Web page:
May 18, 2019 - Art Sonje Center - The Island of the Colorblind
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May 18, 2019

Art Sonje Center

Kim Juwon, The night of the past recalls the past, 2019. Desk, grid paper, printed photograph, acrylic panel, 84.3 x 59.6 x 75cm. 

The Island of the Colorblind
May 17–July 7, 2019

Art Sonje Center
87 Yulgok-ro 3-gil, Jongno-gu
03062 Seoul
South Korea
Hours: Tuesday–Sunday 12–7pm

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Kim Juwon, Manon de Boer, Björn Braun, Xu Tan, Ursula Biemann & Paulo Tavares, Yu Araki, Rim Dongsik & Woo Pyongnam, Part-time Suite

Art Sonje Center proudly presents a group exhibition The Island of the Colorblind from May 17 to July 7, 2019. Conceived from the question “How to live together?” the exhibition features the works of eight international artists/groups: Kim Juwon, Björn Braun, Manon de Boer, Ursula Biemann & Paulo Tavares, Xu Tan, Yu Araki, Rim Dongsik & Woo Pyongynam, and Part-time Suite. Along with the emerging issue of coexistence between humanity and nature, the artists will unravel stories of the ones who have disparate identities and ways of living but live together. 

The beginning of the beginning came with the discomforts of living. Why are our days made up of all these awkward experiences? Why do we live our lives encountering signs of raging discord in images? Why is it sometimes unbearable to spend time with those around us? How did daily life become so stifling (both metaphorically and literally)? This exhibition focuses on sympathy and ecological thinking, contemplating coexistence as a precondition for living.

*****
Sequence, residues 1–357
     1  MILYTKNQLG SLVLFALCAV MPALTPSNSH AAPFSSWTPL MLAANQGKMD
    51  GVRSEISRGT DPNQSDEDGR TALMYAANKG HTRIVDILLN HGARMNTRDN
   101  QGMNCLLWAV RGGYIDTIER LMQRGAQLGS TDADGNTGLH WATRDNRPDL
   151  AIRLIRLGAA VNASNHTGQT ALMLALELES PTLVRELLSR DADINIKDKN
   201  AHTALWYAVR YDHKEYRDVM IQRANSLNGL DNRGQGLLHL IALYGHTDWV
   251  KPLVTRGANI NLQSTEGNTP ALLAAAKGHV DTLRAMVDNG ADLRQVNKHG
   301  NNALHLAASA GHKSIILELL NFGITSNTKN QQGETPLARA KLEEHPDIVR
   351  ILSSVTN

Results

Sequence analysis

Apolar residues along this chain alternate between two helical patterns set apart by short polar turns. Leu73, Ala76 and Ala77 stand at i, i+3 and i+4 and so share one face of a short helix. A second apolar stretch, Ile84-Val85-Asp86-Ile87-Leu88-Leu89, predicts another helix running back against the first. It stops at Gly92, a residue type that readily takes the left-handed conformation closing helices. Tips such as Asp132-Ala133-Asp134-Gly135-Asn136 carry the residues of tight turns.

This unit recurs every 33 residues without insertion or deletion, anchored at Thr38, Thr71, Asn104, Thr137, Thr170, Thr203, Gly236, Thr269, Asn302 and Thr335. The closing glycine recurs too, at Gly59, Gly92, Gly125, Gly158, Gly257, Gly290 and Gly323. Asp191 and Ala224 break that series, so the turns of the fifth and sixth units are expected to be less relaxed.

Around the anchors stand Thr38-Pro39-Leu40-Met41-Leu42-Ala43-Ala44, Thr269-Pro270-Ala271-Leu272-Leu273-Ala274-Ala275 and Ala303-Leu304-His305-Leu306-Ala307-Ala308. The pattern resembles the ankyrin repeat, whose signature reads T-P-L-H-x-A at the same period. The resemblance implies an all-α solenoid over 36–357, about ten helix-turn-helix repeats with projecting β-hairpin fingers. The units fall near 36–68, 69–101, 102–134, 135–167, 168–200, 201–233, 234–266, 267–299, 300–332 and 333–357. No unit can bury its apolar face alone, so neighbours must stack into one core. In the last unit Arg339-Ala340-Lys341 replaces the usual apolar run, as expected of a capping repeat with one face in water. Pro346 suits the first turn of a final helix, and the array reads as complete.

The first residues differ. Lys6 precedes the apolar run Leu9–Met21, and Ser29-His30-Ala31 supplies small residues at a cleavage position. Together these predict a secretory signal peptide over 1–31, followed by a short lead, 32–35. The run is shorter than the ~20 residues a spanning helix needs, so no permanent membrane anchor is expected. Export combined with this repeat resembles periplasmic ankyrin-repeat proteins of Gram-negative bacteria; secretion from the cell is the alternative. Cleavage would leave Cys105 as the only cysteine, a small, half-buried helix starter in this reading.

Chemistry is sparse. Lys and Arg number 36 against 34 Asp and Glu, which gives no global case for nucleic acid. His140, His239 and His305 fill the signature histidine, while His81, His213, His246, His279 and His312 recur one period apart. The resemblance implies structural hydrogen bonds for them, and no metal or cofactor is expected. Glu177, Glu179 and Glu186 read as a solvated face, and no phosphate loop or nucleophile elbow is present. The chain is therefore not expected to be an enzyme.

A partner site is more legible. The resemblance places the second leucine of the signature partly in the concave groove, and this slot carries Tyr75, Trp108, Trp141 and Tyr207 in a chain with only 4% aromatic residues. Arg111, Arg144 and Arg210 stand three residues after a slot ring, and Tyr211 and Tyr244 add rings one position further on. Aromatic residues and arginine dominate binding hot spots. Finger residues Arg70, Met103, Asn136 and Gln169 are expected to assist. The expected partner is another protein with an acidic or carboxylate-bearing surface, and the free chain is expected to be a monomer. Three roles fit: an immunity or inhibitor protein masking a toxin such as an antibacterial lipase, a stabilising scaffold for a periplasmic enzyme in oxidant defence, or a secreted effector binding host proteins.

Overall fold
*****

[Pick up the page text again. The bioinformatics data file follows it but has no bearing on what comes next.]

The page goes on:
With its artwork, the exhibition attempts a form of sympathy based on a symmetrical exchanging of positions within the broader magnetic field of ecological thinking, sharing examples of art that seeks to transform through this approach. Though the works address the relationship between human beings and nature, they focus less on emphasizing the threat to the environment than on suggesting a shift in our place within the human-centered framework. The different works also speak to the trading of places and “coexistence” in the relationships among human beings. The exhibition is premised upon a proposal that we start with the fundamental question of ecology: how to view each other and how to spend time together within our micro-level interactions.

The exhibition starts by focusing on the relationship between nature and human beings with Forest Law (2014), a project based on research conducted in the Amazonian oil fields of Ecuador and mine-bordering regions by artist/curator Ursula Biemann and architect/urban studies scholar Paulo Tavares, Björn Braun’s work that seeks out the places where nature intersects with culture, and the natural with the artificial, and the work of Rim Dongsik and Woo Pyongnam that has been based in a sense of ecological/esthetic awe and a longing for primal human feeling.

The artwork in the third-floor space focuses more relationships among human beings as it discusses the matter of coexistence. Among the many forms of artistic expression that concern relationships, we find stories about inequality between individuals—in terms of nationality, ethnicity, and gender in particular as ecological thinking is concerned.